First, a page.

The DISA project embarking on its last stage

The DISA team had a workshop with their reference group earlier in March, to prepare for the last stretch of the project: creating the eWorkEnvironment framework. To start with, the reference group, representing both people working in healthcare and other researchers, was given an update of the last developments of the project. Both Diane Golay’s presentation about nurses’ invisible work and Thomas Lind’s presentation of an interview study with the people responsible for acquiring, implementing and maintaining the systems inspired a lively discussion about further problems and in particular the gaps between the different actors: decision makers, IT professionals and nurses, and how usability falls in these gaps. The survey presented by Minna Salminen showed that younger nurses sometimes can be more negative to increased use of ICT, and that attitudes to a digital tool are not only grounded in attitudes to technology, but also, for example, in attitudes to patients and patient empowerment.

The afternoon was spent in discussions where the DISA team got several inputs to their original ideas of what should go into the eWorkEnvironment framework. The definition of the target group was one of the tricky questions discussed: “Decision makers” in the process of acquiring and implementing digital tools for healthcare are the target group, but they can be found at many different levels and in many different roles in the healthcare hierarchy and, in addition, the organization varies between different regions in Sweden. Once these “decision makers” are conceptualized, strategies are needed to make them interested in and observant to the effects of digitalization on nurses’ working environment, for them to be interested in the eWorkEnvironment framework in the first place. The reference group had valuable ideas of what strategies could be used to get the message through.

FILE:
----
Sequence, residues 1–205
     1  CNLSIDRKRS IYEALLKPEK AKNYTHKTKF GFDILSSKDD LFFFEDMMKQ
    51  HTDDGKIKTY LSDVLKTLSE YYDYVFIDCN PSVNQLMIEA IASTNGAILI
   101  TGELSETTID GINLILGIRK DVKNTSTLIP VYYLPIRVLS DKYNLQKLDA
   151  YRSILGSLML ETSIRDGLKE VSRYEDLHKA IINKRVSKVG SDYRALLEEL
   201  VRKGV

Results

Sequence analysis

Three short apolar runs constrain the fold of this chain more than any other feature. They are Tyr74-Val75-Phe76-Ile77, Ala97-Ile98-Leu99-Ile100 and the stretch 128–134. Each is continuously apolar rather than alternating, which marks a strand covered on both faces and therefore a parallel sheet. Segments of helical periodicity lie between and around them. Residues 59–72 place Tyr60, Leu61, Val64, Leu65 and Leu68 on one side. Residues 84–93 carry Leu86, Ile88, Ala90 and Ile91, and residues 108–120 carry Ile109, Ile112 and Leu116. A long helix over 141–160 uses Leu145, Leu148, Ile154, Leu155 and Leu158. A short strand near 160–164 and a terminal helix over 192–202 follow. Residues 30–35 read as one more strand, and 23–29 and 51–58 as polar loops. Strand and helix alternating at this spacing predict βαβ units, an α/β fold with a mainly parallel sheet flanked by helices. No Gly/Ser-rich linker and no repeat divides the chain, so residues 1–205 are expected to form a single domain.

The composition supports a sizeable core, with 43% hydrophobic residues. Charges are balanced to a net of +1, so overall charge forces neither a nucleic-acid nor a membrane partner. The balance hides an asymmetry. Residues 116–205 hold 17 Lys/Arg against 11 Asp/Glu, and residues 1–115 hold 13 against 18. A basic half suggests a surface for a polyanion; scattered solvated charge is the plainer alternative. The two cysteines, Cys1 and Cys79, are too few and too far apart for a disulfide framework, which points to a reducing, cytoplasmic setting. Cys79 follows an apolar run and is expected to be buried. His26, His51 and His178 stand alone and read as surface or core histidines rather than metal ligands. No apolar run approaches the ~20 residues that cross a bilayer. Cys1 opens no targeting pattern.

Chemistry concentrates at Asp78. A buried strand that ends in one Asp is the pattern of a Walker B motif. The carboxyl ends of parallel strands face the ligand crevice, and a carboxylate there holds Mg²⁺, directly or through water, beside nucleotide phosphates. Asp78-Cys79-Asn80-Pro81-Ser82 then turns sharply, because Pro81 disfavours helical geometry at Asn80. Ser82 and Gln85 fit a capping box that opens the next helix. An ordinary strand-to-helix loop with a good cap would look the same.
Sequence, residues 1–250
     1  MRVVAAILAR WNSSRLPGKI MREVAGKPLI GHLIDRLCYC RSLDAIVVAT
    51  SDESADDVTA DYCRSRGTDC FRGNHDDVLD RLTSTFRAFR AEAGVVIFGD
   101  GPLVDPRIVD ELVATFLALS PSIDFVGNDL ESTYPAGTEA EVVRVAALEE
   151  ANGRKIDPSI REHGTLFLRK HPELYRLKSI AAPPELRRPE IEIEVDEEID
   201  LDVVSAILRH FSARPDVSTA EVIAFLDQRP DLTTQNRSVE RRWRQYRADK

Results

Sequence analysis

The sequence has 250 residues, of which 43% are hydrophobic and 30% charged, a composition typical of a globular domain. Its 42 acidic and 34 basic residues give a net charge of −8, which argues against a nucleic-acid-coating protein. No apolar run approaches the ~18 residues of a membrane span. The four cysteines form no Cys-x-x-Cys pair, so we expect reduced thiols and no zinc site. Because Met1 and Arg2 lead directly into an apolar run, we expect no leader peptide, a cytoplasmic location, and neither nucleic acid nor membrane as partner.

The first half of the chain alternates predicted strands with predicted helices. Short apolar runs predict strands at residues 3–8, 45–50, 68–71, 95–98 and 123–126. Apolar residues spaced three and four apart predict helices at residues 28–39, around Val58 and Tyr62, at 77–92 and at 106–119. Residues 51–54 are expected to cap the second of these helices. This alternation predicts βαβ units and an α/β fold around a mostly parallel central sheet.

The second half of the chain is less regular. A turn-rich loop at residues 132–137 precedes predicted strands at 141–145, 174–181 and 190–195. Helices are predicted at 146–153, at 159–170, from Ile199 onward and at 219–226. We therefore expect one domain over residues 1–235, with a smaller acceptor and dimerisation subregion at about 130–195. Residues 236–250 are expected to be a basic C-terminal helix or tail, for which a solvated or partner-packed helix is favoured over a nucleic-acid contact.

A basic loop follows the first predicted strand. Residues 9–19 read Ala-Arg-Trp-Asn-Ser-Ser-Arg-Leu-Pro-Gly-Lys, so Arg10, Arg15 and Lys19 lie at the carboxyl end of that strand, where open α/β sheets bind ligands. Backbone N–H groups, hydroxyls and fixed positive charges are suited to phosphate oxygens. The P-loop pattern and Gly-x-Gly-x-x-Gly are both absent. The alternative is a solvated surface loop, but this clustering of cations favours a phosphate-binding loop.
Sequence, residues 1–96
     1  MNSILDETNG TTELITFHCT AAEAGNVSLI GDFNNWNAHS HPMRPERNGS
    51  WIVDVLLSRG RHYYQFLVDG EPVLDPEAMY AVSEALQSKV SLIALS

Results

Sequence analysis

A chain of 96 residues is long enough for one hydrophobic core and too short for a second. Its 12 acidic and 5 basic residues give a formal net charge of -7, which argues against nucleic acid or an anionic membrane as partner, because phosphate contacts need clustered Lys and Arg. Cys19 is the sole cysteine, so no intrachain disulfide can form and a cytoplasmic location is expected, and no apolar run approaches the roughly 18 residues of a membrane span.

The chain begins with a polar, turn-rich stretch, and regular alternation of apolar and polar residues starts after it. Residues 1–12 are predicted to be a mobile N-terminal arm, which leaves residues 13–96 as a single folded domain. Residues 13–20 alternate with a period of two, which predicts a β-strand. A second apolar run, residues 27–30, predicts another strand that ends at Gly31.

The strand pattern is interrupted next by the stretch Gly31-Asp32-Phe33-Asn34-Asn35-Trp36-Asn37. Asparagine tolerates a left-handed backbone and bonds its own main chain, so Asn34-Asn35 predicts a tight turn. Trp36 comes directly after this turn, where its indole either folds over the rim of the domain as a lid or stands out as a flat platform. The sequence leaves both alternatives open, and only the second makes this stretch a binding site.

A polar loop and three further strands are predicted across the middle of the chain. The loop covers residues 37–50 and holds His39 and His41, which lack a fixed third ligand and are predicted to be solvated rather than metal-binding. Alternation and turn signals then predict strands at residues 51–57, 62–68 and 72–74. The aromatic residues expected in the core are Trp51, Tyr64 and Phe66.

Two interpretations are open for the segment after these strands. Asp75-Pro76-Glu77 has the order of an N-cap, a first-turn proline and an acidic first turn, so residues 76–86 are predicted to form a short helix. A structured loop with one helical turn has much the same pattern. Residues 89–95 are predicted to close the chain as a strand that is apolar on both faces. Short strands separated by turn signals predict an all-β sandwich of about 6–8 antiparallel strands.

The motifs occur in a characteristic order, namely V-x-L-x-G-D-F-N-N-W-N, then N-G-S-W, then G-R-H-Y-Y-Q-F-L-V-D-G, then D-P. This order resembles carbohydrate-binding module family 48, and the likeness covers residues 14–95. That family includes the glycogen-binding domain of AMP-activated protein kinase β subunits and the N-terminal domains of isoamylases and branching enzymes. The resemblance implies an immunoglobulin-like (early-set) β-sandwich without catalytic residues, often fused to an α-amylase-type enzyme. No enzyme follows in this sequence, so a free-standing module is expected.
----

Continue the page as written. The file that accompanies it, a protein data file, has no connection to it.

While the message from the DISA team has been that nurses need to be heard when implementing new digital systems, the reference group pointed out that also outside eyes are needed in the process: in addition to nurses’ experiences, outside eyes may help to verbalize aspects that may go unnoticed by nurses themselves.

The DISA team and the reference group agreed that a major problem is the “parallel pipelines” approach to digitalization: there are several actors who all work for more digitalization, but nobody has a whole picture on how the situation looks from the daily working perspective of a nurse and the different systems are not integrated. The normal way of working in projects exacerbates the situation: each introduction is a project of its own, that not only is not connected to other projects running in parallel, but is also often terminated long before the new digital tool has become a natural and useful part of nurses’ daily work.

Having a diverse and competent reference group is certainly an important asset for a project! We are grateful for their time – and are further inspired to try to give something in return, both for the healthcare staff and for the scientific community.

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